There is a new paper up on Google's research website:
Interpreting the Data: Parallel Analysis with Sawzall (Draft)
Very large data sets often have a flat but regular structure and span multiple disks and machines. Examples include telephone call records, network logs, and web document repositories. These large data sets are not amenable to study using traditional database techniques, if only because they can be too large to fit in a single relational database. On the other hand, many of the analyses done on them can be expressed using simple, easily distributed computations: filtering, aggregation, extraction of statistics, and so on.
Go to the site for the full paper and abstract. I'll read it later today. It's on the same list with GFS and Map Reduce, so I hope it lives up to the same standard.
The coolest thing in this so far is the movie showing the distribution of requests to Google's servers over the course of a day.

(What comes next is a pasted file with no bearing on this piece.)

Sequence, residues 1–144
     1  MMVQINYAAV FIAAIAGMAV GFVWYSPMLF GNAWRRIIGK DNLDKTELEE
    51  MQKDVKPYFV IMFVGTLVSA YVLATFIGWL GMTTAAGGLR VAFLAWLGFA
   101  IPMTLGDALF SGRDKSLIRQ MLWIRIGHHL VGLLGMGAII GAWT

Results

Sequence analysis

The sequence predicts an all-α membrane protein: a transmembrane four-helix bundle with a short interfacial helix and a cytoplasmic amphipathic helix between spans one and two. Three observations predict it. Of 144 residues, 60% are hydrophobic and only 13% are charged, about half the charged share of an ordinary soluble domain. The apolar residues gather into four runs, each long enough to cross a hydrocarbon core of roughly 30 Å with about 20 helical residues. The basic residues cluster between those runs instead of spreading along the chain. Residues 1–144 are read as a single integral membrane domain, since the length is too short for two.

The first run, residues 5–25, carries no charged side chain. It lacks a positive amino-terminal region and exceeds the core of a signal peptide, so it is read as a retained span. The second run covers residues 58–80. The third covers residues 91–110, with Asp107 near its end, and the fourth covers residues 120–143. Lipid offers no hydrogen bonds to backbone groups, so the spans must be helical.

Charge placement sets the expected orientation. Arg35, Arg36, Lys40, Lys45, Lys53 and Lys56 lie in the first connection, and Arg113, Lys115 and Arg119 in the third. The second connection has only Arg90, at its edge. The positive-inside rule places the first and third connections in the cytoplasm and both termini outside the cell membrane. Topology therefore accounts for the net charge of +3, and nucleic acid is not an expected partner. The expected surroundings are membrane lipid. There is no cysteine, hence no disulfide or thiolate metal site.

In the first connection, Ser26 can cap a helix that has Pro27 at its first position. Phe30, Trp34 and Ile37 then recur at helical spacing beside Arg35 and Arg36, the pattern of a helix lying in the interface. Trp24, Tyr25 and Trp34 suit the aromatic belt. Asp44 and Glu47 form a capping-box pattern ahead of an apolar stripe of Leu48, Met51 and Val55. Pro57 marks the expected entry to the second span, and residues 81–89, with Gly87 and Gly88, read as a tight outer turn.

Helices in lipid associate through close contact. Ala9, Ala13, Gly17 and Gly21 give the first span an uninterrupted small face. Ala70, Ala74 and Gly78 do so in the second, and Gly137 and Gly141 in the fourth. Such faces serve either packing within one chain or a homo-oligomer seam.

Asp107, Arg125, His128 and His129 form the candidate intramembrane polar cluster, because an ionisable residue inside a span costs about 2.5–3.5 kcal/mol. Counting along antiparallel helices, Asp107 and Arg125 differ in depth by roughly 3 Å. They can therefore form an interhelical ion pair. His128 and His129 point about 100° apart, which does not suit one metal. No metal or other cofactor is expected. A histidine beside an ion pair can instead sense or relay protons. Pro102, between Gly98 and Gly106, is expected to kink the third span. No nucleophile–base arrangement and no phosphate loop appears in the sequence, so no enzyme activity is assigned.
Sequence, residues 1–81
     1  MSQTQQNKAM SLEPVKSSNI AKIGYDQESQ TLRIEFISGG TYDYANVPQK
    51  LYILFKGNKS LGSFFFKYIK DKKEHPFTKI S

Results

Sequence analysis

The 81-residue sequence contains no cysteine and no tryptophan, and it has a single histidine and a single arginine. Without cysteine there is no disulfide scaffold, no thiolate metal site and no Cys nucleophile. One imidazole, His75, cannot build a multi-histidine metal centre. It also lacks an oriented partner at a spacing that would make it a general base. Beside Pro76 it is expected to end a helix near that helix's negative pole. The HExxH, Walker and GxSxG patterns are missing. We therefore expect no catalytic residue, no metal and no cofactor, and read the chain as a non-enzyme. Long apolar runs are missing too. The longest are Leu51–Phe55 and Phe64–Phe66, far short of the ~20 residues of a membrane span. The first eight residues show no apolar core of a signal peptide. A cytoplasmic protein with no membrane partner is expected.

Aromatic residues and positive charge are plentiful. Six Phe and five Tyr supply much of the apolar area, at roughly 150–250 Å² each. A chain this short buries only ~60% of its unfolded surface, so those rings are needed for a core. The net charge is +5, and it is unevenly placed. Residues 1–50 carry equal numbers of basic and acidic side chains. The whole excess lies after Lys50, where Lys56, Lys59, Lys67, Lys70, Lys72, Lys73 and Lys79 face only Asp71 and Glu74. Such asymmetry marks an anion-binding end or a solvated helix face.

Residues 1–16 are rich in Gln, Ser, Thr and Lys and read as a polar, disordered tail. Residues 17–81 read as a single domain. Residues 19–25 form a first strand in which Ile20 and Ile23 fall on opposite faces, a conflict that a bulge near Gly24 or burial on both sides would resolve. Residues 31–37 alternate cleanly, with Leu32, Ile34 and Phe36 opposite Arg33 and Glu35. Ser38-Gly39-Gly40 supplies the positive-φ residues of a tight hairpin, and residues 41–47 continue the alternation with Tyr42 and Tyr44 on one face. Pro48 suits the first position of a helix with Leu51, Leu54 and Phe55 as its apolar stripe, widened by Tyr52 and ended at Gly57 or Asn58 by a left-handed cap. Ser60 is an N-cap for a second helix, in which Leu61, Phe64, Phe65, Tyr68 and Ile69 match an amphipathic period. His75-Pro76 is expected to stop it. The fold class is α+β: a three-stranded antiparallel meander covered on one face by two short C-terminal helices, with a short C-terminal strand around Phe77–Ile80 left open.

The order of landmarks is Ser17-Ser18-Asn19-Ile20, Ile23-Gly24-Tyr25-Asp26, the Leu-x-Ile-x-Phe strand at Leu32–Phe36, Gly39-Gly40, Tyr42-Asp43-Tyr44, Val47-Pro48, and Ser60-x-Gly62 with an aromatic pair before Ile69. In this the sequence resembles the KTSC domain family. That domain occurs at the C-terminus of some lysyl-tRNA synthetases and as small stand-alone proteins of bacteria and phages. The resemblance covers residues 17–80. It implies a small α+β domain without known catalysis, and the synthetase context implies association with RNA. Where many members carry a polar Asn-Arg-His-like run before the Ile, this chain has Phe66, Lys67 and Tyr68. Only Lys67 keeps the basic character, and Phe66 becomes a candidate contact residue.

This is very interesting. Can you track the technical progress of a society (sorry for waxing philosophical like John Battelle) by the volume and type of queries executed? It will be interesting if we could track this over the course of years to see the growth of technology in rapidly emerging countries like China and parts of South America.
So now we have the volume distribution, but can we mine trends at a global level? For example, commercial queries have eclipsed sex related queries in North America. Will this trend repeat itself in Europe? Fascinating.
Thanks to Digg for the tip.